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Bronze Age Bone Objects Examined

Wednesday, September 2, 2020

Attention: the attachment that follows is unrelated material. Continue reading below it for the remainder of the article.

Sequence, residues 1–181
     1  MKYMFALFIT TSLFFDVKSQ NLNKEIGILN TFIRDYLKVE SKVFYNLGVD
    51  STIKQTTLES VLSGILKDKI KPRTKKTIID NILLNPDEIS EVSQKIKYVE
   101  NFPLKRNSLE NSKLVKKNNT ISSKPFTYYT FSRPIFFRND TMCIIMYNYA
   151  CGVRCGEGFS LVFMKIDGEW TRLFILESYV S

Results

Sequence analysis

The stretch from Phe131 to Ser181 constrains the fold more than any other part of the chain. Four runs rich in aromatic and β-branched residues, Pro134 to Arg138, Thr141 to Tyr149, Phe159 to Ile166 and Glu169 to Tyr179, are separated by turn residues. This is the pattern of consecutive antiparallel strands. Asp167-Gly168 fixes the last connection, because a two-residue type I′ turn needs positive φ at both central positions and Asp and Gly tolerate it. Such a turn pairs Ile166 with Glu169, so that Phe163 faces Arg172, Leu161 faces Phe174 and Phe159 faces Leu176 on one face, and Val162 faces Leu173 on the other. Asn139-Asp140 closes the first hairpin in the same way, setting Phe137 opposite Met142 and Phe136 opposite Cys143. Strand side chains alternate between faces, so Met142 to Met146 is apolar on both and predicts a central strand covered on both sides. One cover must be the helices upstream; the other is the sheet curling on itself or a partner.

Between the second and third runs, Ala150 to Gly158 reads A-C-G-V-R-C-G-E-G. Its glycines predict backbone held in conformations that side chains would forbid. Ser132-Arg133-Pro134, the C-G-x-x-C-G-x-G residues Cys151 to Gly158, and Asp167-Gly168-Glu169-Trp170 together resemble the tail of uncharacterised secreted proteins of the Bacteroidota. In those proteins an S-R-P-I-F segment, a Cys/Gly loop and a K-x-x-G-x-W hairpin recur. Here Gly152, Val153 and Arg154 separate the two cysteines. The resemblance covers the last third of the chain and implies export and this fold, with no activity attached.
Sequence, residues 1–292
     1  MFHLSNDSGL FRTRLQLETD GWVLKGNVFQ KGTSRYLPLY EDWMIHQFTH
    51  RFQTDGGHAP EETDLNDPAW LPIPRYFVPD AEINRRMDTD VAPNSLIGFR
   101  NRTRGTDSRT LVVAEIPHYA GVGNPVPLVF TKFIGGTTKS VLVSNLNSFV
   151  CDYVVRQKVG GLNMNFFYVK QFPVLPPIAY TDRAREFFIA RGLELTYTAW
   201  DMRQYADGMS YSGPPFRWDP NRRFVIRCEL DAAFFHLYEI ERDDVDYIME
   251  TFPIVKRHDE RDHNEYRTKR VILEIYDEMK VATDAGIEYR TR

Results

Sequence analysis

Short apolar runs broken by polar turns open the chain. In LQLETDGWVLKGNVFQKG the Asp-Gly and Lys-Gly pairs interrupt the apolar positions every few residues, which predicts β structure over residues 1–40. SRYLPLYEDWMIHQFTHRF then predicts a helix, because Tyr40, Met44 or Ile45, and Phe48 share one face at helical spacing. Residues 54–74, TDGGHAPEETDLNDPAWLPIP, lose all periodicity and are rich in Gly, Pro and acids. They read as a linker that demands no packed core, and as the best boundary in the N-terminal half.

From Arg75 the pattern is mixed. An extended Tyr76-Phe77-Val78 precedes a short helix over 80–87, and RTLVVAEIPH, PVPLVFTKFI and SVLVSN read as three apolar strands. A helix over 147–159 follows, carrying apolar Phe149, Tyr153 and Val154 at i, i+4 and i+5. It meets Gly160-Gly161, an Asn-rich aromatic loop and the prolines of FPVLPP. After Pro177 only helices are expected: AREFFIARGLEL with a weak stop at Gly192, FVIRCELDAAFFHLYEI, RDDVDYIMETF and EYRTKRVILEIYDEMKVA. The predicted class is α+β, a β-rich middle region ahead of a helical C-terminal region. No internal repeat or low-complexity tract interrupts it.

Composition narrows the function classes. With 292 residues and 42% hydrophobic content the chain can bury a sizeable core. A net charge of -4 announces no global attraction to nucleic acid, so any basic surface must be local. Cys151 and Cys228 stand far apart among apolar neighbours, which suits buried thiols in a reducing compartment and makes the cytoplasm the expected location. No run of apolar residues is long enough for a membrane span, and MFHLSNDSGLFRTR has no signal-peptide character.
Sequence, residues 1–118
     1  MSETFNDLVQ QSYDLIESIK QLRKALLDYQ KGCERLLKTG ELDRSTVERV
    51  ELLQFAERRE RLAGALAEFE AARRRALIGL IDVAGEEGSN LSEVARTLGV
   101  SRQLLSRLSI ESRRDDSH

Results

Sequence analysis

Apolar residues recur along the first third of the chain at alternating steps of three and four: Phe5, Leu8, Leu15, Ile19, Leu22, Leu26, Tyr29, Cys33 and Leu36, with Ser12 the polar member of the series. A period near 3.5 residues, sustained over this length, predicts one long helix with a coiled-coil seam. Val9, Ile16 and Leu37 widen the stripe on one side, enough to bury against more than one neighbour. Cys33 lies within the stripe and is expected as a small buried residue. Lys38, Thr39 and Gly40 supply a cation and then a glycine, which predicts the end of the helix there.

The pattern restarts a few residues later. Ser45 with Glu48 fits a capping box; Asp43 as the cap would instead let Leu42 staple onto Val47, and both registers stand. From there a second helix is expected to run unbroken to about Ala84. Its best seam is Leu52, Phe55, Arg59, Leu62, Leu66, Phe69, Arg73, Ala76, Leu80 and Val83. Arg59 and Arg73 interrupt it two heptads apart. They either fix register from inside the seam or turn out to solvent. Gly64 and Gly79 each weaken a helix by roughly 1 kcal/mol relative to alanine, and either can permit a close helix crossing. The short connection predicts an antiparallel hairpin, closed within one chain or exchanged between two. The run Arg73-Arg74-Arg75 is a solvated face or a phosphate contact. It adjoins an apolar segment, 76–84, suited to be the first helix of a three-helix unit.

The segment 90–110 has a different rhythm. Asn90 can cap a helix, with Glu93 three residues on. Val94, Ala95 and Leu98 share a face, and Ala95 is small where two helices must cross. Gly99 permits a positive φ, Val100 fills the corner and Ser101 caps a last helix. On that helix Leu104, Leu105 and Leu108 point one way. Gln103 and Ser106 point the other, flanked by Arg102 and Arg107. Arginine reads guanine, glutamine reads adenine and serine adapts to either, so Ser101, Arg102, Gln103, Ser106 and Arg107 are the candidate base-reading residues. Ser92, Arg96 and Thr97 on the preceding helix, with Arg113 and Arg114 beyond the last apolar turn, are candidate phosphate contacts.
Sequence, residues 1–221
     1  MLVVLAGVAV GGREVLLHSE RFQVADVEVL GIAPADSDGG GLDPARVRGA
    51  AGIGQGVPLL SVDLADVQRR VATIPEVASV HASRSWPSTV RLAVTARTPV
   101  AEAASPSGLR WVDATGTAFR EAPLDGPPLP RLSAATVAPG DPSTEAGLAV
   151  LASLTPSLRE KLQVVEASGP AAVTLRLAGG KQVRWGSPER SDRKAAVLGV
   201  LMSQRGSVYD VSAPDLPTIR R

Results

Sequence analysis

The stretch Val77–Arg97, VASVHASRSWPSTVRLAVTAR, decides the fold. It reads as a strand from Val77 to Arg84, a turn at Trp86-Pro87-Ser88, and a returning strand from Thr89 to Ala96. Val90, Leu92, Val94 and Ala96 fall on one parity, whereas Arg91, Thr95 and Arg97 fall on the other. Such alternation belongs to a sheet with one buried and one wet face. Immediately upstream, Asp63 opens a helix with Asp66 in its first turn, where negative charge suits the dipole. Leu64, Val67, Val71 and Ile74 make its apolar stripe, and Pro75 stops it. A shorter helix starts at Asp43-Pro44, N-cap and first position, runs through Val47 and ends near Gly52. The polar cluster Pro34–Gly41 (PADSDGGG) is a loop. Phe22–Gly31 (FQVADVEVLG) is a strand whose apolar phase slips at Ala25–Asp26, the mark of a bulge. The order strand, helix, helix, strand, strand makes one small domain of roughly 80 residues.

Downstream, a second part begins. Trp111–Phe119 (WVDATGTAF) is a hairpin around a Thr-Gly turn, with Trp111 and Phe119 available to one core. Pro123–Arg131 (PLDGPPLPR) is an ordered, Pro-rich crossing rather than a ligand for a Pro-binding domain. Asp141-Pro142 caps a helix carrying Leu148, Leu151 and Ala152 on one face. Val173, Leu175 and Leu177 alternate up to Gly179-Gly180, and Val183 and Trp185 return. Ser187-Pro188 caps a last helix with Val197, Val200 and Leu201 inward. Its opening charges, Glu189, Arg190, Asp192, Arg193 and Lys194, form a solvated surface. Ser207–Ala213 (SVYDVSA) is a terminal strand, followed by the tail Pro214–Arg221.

England Bone InstrumentBRISTOL, ENGLAND—BBC News reports that researchers from the University of Bristol radiocarbon dated Bronze Age human remains and artifacts made of human bone and examined them with micro-computed tomography. The radiocarbon dates suggest that many of the bone artifacts belonged to contemporaries of the grave occupants, while the micro-computer tomography scans revealed that some of the bone artifacts came from cremated remains, some of the bones had been exhumed after burial, and other came from bodies that were allowed to decompose on the surface of the ground. Thomas Booth of the University of Bristol said the varied treatment of the remains indicates there was no established protocol for the treatment of bodies whose bones would be preserved as keepsakes. These people may have been played an important role in the community, or they may have been family members, friends, or even enemies. The artifacts may have served as relics to remember individuals within living memory, or as aids to telling stories about them. For example, a human thigh bone that had been carved and polished into a musical instrument was recovered from a grave at a Bronze Age archaeological site near Stonehenge. To read about a Bronze Age barrow cemetery discovered in Hampshire, go to "World Roundup: England."

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